• Use a two-tape deterministic TM to simulate a NTM
  • Use one tape to keep a queue of IDs
  • Use the other as scratch to simulate executions
    of the NTM
  • Separate the IDs and mark current one
  • Each NTM is emulated by a different DTM

x
ID1 ID2 ID3 ID4

q
31
Nondeterministic Turing Machines
  • To execute current ID find q and a
  • Encoded in the machine is knowledge on how many
    different movements it can do on such input
  • For each choice
  • Copy the ID into the scratch tape
  • Do the corresponding movement
  • Copy the resulting ID to the end of the first
    tape
  • Advance current ID marker

x
ID1 ID2 ID3 ID4 ID5 ID6 ID7

q
32
Running Time of Simulated Machines
  • Machines run in simulation take more steps to
    accept a string than if they were running
    natively
  • Multi-tape by One-tape TM
  • O (n2)
  • Nondeterministic to Deterministic TM
  • exponential

33
Restricted Turing Machines
  • Turing Machines with semi-infinite tapes
  • Multi-stack machines
  • Counter machines

34
Turing Machines with Semi-Infinite Tapes
  • There is the concept of the beginning of the
    tape
  • Simulate the two-way infiniteness by having a
    two-track tape

X1
X2
Xi
X0


X-1
X-2
X-i



q
35
Multi-Stack Machines
  • These are PDAs with multiple stacks
  • Each stack is handled independently
  • An symbol is popped
  • A group of symbols is pushed
  • Two-stack machines recognize the same class of
    languages as Turing Machines

36
Counter Machines
  • Similar to stack machines, but more restricted
  • Instead of stacks, the machines have counters,
    that can hold any positive value, or zero, and
    can be incremented or decremented independently

37
Turing Machines and Computers
  • A computer can simulate a Turing Machine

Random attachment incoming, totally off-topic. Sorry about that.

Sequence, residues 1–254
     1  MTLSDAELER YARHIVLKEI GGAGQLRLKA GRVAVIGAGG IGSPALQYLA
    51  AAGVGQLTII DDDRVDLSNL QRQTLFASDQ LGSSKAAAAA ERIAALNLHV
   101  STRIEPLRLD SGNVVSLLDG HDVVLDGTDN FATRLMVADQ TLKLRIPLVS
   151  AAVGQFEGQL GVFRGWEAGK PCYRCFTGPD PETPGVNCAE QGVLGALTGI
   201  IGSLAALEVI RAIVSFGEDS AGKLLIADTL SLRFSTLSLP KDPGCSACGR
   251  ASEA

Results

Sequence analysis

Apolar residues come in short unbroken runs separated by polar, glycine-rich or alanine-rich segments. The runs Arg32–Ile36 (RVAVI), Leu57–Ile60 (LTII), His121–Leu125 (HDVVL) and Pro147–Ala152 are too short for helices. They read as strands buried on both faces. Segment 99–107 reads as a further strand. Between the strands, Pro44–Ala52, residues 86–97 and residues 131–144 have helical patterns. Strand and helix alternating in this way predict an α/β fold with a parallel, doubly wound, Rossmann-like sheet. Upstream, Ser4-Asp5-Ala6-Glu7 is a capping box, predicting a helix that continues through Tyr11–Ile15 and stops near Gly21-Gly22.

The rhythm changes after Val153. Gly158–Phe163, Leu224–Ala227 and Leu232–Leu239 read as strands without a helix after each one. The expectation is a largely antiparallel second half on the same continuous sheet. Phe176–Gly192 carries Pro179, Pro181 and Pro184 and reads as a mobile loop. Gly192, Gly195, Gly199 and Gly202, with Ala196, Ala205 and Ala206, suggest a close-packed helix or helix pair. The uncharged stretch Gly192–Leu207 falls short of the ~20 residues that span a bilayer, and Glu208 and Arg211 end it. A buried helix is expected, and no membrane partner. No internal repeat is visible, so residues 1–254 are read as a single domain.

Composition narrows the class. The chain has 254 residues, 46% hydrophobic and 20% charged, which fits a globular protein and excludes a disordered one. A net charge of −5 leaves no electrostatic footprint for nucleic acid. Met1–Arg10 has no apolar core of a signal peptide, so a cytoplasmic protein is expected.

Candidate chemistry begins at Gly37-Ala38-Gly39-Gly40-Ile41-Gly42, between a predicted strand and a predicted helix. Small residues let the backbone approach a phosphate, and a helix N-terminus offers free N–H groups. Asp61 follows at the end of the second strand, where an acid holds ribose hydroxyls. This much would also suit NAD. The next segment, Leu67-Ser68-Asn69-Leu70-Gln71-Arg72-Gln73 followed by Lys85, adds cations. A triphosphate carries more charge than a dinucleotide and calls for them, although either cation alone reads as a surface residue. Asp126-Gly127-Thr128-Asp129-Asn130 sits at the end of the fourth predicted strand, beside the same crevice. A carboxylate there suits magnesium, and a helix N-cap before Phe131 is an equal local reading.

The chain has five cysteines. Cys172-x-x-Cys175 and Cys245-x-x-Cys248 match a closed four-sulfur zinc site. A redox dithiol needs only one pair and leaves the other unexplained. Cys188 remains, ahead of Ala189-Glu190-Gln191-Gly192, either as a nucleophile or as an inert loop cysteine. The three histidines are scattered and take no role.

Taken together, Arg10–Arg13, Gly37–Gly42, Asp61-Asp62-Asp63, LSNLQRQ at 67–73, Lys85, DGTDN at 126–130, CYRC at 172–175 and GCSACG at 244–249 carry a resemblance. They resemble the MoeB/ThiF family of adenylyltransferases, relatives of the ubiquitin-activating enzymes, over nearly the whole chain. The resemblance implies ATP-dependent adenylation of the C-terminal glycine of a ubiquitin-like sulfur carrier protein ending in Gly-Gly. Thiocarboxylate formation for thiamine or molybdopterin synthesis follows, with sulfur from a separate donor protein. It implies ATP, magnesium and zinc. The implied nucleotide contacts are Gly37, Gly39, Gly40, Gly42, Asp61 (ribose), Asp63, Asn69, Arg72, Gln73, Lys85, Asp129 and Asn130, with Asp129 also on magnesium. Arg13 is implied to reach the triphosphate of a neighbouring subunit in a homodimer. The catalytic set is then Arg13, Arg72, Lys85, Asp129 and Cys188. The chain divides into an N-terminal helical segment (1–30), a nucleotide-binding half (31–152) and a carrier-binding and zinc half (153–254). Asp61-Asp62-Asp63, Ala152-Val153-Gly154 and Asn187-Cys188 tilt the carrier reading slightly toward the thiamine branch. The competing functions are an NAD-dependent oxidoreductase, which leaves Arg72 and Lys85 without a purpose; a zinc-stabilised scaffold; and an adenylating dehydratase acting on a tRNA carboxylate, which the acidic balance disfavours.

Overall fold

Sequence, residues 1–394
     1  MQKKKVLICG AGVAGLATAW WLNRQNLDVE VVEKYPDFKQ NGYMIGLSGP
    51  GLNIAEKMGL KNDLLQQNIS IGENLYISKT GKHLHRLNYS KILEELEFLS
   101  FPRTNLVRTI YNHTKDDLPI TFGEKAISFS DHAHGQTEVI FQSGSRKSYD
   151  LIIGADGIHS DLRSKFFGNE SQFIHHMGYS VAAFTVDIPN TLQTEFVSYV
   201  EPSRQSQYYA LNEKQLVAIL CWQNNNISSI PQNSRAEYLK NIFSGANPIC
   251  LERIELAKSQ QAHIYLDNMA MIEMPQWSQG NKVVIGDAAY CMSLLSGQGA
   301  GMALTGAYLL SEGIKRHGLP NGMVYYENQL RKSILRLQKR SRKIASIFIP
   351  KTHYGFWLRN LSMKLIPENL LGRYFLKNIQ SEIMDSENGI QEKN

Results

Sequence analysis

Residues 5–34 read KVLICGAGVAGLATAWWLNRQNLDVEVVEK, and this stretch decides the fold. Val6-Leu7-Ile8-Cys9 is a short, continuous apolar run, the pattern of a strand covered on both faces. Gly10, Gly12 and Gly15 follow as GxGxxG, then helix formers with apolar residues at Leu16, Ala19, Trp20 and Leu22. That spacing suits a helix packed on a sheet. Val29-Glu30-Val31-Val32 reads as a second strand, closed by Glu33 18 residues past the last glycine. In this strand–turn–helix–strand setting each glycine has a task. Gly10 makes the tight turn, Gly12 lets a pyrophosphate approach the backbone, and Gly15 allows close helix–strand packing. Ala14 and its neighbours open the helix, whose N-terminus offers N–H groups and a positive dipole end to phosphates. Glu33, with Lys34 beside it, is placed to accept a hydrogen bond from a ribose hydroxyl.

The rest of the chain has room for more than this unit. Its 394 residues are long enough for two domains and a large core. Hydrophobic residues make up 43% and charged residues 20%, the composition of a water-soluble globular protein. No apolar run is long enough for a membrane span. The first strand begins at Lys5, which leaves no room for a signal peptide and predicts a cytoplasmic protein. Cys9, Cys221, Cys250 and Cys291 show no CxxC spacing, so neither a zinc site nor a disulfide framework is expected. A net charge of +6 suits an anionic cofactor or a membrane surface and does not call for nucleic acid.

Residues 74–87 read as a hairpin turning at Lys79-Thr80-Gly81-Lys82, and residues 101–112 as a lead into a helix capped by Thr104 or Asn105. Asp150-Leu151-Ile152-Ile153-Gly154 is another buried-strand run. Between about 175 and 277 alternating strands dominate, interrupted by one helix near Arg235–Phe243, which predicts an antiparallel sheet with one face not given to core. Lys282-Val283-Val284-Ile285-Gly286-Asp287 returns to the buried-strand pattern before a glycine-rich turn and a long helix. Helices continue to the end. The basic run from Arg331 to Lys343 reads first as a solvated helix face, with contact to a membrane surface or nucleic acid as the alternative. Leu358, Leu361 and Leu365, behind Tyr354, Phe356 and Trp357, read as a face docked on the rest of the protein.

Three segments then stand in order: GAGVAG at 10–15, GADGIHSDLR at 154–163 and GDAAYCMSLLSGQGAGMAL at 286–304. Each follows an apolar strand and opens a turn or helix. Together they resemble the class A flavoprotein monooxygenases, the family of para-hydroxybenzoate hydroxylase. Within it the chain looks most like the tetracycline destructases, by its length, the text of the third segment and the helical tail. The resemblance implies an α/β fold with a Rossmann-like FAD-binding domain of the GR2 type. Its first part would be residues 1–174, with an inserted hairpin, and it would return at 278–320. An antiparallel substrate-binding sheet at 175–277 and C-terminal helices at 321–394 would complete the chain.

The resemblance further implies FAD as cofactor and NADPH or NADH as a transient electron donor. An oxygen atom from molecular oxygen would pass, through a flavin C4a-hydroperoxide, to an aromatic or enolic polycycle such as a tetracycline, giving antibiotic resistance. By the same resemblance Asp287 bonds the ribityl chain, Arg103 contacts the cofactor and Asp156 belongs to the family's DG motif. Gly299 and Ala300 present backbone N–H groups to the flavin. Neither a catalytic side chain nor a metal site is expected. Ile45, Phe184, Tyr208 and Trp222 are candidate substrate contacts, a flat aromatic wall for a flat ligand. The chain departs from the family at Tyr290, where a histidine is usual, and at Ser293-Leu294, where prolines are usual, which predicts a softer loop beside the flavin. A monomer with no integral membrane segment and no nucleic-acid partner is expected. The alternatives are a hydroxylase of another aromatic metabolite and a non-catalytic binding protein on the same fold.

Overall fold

(although with some difficulty)
  • A Turing Machine can simulate a computer (in
    polynomial time)

38
Computer Simulation of a Turing Machine
  • No computer with a finite amount of memory is
    able to simulate a Turing Machine
  • Consider that the hard drive is the tape you
    can buy very large ones, but they are finite
  • A TM can solve problems that require more memory
    than the memory available to the computer
  • Consider a string so awfully large that is larger
    than the computers memory

39
Computer Simulation of a Turing Machine
  • Assume
  • Unbounded amounts of removable media
  • Each disk represents a segment of the tape
  • The computer can have one segment at any given
    time

Computer
Tape to the left
Tape to the right
40
Turing Machine Simulation of a Computer
  • A computer can be simulated by a multi-tape
    Turing Machine

Memory
Instruction Counter
Memory Address
Input File
Scratch

q
41
Turing Machine Simulation of a Computer
  • The good news
  • The simulation only takes polynomial time!

42
Languages Recognized by Machines
  • Some languages cannot be not recognized
  • Some languages are recognized, but not reasonably
    fast
  • Polynomial time, vs.
  • Exponential time

All languages
TM
NPDA
DPDA
FA